"My point of view is pretty simple, said Bruce Springsteen on an overhead screen prior to the "Vote For Change Concert opening, "I think that if you mislead the country, and you take the nation to war, and you put our sons and daughters on the line and the basis on which you have taken the country to war proves false, you lose your job. It's not rocket science. When you do that, you lose your job. "
I could not have said it better or more clearly than the Boss laid it out for us at the "Vote For Change Concerts" last night in Philadelphia. These opening comments included remarks from Bonnie Raitt, Jackson Browne, Eddie Vedder, and members of R.E.M. They were one small piece of an inspiring evening that began with an army of Moveon.Org members canvassing the arriving crowds of fans for volunteers or voter registration. Pro-Kerry and anti-Bush shirts were everywhere, including my "Friends Don't Let Friends Vote Republican." I got many thumbs up and kudos for that one. The "Bushit" stickers abounded, too.
Following the comments on the overhead screen, Bruce and Michael Stipe gave a brief introduction for the evening's cause; the need for a more PROGRESSIVE leadership, then brought out "Bright Eyes" for a solid opening performance.
Then Bruce introduced R.E.M., who opened with "One I Love," followed by their typically strong live show. The set list included "Losing My Religion," with the crowd in full voice, and "Man On the Moon," which Springsteen joined in on.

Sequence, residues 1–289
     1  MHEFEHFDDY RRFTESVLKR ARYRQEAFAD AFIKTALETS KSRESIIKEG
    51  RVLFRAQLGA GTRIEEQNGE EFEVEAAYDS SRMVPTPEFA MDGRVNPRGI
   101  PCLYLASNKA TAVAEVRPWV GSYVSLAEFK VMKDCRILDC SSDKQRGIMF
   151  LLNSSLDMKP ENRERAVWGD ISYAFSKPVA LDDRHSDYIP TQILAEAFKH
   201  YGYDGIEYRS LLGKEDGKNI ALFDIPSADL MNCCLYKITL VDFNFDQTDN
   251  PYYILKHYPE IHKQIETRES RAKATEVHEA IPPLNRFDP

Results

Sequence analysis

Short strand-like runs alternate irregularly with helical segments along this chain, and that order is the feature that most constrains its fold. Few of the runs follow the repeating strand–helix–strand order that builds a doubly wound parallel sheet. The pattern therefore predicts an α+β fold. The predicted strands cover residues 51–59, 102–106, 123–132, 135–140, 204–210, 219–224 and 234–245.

But the highlights of the show were still ahead of us. Fifteen minutes after R.E.M wrapped up, the spotlight honed in on the singular figure of Bruce Springsteen, dressed in black, with just his guitar, performing a rousing rendition of the Star Bangled Banner, a la Jimi Hendrix. The crowd was in a patriotic frenzy right away. The E Street Band then launched into the anti-war "Born In the U.S.A.," the song misinterpreted by President Reagan twenty years ago.
Springsteen later added some songs of social and economic distress, "Youngstown" and "Johnny 99," to the show, following them with the Kerry campaign favorite, "No Surrender." Then the evening really took off as Bruce brought out John Fogerty. Springsteen and Fogerty sang "Deja Vu" and the overwhelmingly potent, "Fortunate Son," among others. Bruce also later added "Promised Land."
During "Mary's Place," Springsteen went into his patented "music preacher mode." If you have never seen him live, he does this alot and it is fantastic. This time, though, in midstream, he called out for someone to be converted. A man in a suit and tie, looking strikingly like Dick Cheney, walked out. Bruce touched his forehead as the man fell to the floor. Springsteen said, "Now say Halliburton three times and heal!" The man rose and said, "I am converted and am voting for change!" A thing of beauty!
The four hour concert wound down with an encore performance of the Nick Lowe/Elvis Costello song, "Peace, Love and Understanding," and the Patti Smith hit, "People Have the Power," performed by all the night's entertainers. Bruce led it with the (paraphrased) message that the "Promise of America is within us."
The show was an unquestioned success. Joined by other shows throughout Pennsylvania, led by John Mellencamp, Jackson Browne, Pearl Jam, and Bonnie Raitt, that will also hit other swing states, the messages were clear: Love of country does not belong to one party, this nation needs a change and new leadership to bring it about, and we ALL must get involved and do our part to make those changes possible.